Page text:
Beware of larger blind spots, expert warns after videos show cars colliding with heavy vehicles

In the span of three days (Jan 10-12), two separate videos have emerged online of cars getting knocked by larger vehicles while trying to switch lanes and cut in front of them.
In the span of three days (Jan 10-12), two separate videos have emerged online of cars getting knocked by larger vehicles while trying to switch lanes and cut in front of them.PHOTOS: FACEBOOK/ROADS.SG

SINGAPORE - In the span of three days, two separate videos have emerged online of cars getting hit by larger vehicles while trying to switch lanes and cut in front of them.

The first was posted on the Facebook page of road safety interest group roads.sg on Tuesday (Jan 10), and happened in front of Fragrance Empire Building along Alexandra Road.

The dashcam footage showed a red Kia trying to cut from the left-most lane, into the lane on its right. However, the long trailer in the next lane did not see it coming, and continued driving anyway instead of giving way.

The car was dragged forward for about 2m before the trailer stopped.

Another video on Thursday, also on the roads.sg Facebook page, showed a silver car trying to cut from the middle lane of a three-lane road to the right-most lane.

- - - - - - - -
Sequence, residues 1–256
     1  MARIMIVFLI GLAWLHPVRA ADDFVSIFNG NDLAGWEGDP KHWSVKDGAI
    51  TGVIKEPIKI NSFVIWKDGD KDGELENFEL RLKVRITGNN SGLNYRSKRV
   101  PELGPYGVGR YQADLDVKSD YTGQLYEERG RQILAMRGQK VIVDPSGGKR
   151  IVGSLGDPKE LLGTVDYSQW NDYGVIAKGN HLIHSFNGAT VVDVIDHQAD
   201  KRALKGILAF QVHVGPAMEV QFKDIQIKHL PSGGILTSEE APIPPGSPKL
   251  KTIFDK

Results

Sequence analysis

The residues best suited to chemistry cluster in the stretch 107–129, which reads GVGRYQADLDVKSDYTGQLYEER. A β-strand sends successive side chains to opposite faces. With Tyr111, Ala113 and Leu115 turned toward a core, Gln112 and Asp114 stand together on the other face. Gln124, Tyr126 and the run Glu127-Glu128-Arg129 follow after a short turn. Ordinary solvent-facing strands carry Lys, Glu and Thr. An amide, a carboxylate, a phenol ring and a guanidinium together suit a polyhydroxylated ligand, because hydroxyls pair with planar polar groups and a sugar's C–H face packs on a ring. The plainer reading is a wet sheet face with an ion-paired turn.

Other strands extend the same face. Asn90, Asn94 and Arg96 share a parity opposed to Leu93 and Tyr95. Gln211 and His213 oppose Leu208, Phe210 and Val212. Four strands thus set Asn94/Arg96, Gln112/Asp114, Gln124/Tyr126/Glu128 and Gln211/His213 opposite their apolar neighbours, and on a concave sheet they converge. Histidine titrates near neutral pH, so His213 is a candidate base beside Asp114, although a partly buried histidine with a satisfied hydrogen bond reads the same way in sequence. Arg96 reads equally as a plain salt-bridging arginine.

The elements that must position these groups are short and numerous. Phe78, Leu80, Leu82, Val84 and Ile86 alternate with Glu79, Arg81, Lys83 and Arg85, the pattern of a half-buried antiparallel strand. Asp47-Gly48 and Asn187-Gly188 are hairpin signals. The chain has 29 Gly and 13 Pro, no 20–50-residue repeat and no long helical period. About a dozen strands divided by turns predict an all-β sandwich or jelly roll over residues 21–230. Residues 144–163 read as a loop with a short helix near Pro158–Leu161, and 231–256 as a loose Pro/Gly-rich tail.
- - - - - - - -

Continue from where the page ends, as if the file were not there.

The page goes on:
The incident happened along West Coast Road, at the T-junction outside Commonwealth Secondary School, where drivers can turn right to Jurong Town Hall Road.

From the video, which was captured from the rear-view camera of a car in front, the silver Toyota could be seen inching into the lane with his signal on, but the green truck drove on, presumably unable to see the car, since the carriage is quite high.

This caused the two vehicles to brush into each other.

Mr Dave Ng, chairman of the Singapore Transport Association, told The Straits Times: "Many a times, car drivers neglect to realise that heavy vehicles have a larger blind spot on both sides.

"They assume that the truck drivers are able to see everyone on the road, because they sit higher above the ground."

To decrease the risk of such accidents, he advised car drivers against cutting in front of heavy vehicles, as there is a bigger blind spot there.

"Avoid lingering alongside the heavy vehicle for too long, as the car is at the heavy vehicle's blind spot zone too," he added.

Mr Ng stressed the need to pay attention to the heavy vehicle's brake lights when following behind, and that tailgating is a no-no as it limits the car driver's visibility and reaction time.